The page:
Google Ad Grants give charities $10,000 (£8,000) a month in free spend on Google AdWords. Its Ad Grants aren’t without their limitations however but Google have made some interesting changes to its Ad Grant terms. With its updated policy in effect as of 1st January 2018, here is a look at what the main changes to Google Ad Grants are and what they could mean for your charity.
Ad Grant Cap
Google are lifting the $2.00 bid cap. This is the headline change with possibly the greatest strategic benefit. For charities using Maximise conversions bidding, bids are no longer capped at a $2.00 cost-per-click (CPC). This means charities can now use a keyword strategy with their Ad Grant account in more the same way as they would a paid AdWords account – not limited to cheaper and lower traffic keywords. This presents an opportunity for charities to improve the quality and effectiveness of their Ad Grant accounts and strategies.
Maintaining Click Rate
The other major change, although potentially the biggest headache, is that Google now require all Ad Grant accounts to have a minimum click-through-rate (CTR) of 5% per month. While this may seem like a big ask for some, this will compel charities to do better with their keywords, ad writing and general PPC strategy. Charities that fail to meet the 5% CTR for 2 consecutive months will see their Grant accounts cancelled. They can however request reinstatement once they can demonstrate that they’ve improved their keyword strategy and their account is complaint again. It may be worth reviewing your more generic, lower converting keywords to keep your overall CTR up.
Along with the above changes to Google Ad Grants, there’s also been a shift in what Charities can and can’t target as their keywords. ‘Most’ single-word keywords that are too broad are now restricted with the exception of this list here. Charities will need to revise their targeting with generic keywords around places, people and events also banned. Keywords now also need to have a quality score greater than 2. This means that, not unjustifiably, the ads themselves and their landing pages will need to be more relevant to the keywords targeted. Charities are also no longer able to bid on branded keywords that they don’t own i.e. they can’t piggyback on the brand of another charity.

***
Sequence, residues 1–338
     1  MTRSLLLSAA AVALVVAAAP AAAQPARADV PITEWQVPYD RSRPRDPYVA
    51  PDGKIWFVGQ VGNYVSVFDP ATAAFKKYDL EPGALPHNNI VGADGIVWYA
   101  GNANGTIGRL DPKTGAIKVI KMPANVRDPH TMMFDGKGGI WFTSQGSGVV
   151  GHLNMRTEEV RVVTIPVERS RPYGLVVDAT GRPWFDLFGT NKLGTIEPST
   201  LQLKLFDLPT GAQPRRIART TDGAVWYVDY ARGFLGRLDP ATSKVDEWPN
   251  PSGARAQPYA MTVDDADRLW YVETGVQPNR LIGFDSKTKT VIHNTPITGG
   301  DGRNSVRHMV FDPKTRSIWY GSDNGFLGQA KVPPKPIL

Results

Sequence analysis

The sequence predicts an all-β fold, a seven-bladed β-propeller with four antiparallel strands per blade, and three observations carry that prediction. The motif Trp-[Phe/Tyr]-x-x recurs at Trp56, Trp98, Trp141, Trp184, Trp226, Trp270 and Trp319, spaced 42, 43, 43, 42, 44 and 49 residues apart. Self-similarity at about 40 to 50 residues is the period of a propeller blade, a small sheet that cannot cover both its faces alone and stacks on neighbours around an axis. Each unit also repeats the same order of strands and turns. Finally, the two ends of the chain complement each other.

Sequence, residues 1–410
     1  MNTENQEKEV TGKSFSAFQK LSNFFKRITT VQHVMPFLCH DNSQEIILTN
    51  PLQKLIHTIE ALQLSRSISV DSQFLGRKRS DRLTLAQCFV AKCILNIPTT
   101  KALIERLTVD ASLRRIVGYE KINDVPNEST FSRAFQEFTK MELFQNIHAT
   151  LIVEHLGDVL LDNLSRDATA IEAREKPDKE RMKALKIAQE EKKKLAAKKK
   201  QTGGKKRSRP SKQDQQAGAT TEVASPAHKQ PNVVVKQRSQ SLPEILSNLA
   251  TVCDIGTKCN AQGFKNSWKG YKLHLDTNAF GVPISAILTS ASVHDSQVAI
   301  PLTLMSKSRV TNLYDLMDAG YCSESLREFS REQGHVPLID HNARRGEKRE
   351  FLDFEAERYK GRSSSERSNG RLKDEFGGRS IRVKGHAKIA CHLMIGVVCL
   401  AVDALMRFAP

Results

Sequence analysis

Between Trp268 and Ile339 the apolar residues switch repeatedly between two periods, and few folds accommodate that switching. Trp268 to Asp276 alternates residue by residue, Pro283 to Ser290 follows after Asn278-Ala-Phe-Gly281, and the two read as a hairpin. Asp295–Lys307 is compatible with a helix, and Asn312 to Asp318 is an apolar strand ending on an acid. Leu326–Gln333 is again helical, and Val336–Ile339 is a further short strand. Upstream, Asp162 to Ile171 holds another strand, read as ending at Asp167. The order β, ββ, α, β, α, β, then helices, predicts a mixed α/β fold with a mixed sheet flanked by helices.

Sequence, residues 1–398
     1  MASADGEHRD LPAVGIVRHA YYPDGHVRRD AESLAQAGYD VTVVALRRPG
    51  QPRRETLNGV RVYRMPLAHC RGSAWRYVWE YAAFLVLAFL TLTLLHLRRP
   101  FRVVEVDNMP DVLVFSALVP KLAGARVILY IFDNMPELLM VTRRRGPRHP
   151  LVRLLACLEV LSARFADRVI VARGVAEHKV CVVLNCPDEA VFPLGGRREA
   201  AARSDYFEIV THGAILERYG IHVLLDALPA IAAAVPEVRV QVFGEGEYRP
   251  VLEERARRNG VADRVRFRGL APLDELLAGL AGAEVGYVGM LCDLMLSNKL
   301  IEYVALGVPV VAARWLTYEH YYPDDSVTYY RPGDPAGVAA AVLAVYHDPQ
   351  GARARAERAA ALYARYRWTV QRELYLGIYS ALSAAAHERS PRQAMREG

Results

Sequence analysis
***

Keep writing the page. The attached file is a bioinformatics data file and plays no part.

As with all things in life, there are further changes to the fine print. Google has added some new requirements for Ad Grant accounts to comply with. It hopes that these will add clarity, raise standards and improve the quality of Ad grant accounts.
- Charities must use geo-targeting to show ads in relevant locations
- At least 2 active ad groups per campaign with 2 active text ads targeting a set of closely related keywords
- At least 2 sitelink ad extensions
Google are implementing these changes to improve the quality of the Ad Grants programme and to encourage better PPC campaigns and strategies. While they may change charitie’s use of and approach to their Ad Grant accounts, this is a change worth making. Better PPC ads targeting more relevant keywords generate higher engagement and conversions, better meet donor expectations and give the donor a better experience. The new 5% CTR floor does however mean charities will need to be actively manage their Grant account. Campaigns that aren’t optimised or performing well enough could jeopardise the whole account.
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Do you need help understanding the changes to Google Ad Grants? Let us know if you’d like our help with your charity’s Google AdWords – both paid and Grant accounts. We can help you utilise PPC as part of your digital fundraising strategy to raise funds and acquire new donors.